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City on a Hill: Reclaiming the Biblical Pattern for the Church in the 21st Century Paperback – Mar 2003

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Product details

  • Paperback: 224 pages
  • Publisher: Moody Press,U.S. (Mar. 2003)
  • Language: English
  • ISBN-10: 0802441998
  • ISBN-13: 978-0802441997
  • Product Dimensions: 14 x 1.3 x 21.6 cm
  • Average Customer Review: 4.0 out of 5 stars  See all reviews (3 customer reviews)
  • Amazon Bestsellers Rank: 916,472 in Books (See Top 100 in Books)

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Format: Kindle Edition Verified Purchase
Ryken begins the book with a wonderfully concise and accurate analysis of post-modernism, in particular highlighting it's twin idols - relativism and narcissism. He then analyses each of his 8 marks of church, indicating how they can be corrupted by these idols, and calling for a return to its true nature.

This book really stands out because it is unwilling to wallow in lament of the present age, as some are want to do, nor to hark back to the past, but to "live in the present, learn from the past, and anticipate the future, while always looking to the Bible."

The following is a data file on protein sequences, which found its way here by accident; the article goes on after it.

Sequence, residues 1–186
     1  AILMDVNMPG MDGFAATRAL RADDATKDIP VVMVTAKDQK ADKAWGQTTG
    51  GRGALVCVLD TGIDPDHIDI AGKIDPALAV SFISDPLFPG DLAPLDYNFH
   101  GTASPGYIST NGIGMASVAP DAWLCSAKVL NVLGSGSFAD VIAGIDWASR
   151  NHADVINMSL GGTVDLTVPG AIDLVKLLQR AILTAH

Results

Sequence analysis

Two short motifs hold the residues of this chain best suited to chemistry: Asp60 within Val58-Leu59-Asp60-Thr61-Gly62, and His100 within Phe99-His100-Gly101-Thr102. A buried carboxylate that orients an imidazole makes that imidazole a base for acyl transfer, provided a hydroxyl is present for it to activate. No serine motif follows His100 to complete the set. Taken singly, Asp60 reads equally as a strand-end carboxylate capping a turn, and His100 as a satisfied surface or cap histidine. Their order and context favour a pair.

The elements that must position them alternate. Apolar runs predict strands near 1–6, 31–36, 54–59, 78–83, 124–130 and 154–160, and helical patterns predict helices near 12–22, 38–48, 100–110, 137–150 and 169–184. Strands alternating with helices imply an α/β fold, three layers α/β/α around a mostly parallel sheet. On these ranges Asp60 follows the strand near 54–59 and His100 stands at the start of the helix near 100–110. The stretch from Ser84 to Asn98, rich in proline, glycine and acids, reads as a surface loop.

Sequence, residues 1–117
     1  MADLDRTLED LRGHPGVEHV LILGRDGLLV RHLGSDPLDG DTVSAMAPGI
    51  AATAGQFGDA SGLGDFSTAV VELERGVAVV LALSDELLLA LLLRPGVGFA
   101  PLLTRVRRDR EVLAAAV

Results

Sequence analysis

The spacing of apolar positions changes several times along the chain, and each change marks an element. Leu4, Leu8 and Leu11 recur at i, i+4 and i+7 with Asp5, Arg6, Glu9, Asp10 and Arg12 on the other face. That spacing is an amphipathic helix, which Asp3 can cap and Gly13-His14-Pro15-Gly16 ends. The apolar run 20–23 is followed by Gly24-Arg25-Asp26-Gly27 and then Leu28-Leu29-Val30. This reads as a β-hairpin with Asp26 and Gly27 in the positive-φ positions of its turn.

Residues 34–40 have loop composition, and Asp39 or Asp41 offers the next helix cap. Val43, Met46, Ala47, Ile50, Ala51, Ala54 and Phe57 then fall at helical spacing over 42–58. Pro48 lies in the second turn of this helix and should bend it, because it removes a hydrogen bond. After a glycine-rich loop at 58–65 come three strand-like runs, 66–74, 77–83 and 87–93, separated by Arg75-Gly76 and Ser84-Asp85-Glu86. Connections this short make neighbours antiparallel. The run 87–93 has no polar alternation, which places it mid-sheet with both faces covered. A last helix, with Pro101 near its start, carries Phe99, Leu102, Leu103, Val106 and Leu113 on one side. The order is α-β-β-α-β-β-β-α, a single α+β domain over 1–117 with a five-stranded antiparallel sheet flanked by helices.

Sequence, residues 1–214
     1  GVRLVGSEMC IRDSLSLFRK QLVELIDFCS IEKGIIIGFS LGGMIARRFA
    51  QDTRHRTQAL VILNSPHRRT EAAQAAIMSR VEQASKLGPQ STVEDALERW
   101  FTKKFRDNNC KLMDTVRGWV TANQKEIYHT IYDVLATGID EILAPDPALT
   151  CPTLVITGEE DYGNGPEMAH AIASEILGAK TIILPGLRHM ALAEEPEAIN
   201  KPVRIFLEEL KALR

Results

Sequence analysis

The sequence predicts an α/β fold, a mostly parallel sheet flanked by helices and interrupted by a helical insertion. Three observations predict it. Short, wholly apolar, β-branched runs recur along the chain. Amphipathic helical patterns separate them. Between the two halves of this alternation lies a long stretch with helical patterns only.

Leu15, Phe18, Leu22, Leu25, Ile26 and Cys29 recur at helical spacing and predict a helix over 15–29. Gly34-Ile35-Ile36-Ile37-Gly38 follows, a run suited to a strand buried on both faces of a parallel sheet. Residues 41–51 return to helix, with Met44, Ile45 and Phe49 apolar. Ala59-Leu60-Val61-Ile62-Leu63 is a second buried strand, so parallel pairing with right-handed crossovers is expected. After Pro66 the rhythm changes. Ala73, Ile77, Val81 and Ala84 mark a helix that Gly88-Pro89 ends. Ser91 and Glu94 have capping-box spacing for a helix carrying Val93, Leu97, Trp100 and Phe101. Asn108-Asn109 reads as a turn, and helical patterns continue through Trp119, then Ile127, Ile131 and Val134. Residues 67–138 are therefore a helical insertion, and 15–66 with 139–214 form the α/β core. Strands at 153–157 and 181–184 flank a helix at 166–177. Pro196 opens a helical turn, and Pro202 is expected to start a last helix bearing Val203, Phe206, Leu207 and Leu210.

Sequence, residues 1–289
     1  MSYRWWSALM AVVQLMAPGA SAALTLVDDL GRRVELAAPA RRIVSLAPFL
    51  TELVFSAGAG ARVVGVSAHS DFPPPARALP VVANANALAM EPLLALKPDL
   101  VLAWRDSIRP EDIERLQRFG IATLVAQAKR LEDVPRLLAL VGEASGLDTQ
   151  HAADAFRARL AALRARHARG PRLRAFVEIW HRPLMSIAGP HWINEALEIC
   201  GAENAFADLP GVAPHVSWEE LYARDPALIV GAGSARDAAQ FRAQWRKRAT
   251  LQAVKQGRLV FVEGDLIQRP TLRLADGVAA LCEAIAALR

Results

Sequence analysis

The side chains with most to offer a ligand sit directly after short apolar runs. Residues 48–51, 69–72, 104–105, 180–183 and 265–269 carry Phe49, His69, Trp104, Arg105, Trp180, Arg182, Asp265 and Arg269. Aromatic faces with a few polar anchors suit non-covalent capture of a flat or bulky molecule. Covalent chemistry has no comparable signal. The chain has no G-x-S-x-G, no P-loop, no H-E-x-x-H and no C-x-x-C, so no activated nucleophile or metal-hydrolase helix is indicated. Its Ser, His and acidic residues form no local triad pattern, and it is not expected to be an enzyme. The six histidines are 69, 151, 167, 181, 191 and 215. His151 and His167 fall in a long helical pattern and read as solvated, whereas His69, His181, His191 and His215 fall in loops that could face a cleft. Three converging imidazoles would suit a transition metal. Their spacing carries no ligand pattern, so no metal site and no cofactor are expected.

Perhaps my own negative is that, at times, it feels that the author is leaning more towards a conservative viewpoint and a "if we just go back to doing what we've always done" mentality, rather than offering a more rigorous critique of where the previous generation had succumbed to it's culture (modernism).
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By A. W. Ferdinando on 21 Mar. 2013
Format: Paperback Verified Purchase
I read the kindle edition of this book and gained from it.

The author seeks to point out the way the Church of the Lord Jesus Christ should be in the 21st century and I found much in it which is helpful and edifying.

It is set in the American context but nevertheless has much to teach those of us who are in the UK.

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Format: Kindle Edition
Although this book is about the church in America, the principles and observations apply equally here in the UK. The author has made a clear case for the role of the church today and the problems it faces within and without. Definitely a call to reflection and action.
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Most Helpful Customer Reviews on (beta) 7 reviews
19 of 19 people found the following review helpful
Recommended! 18 Jun. 2005
By Tim Challies - Published on
Format: Paperback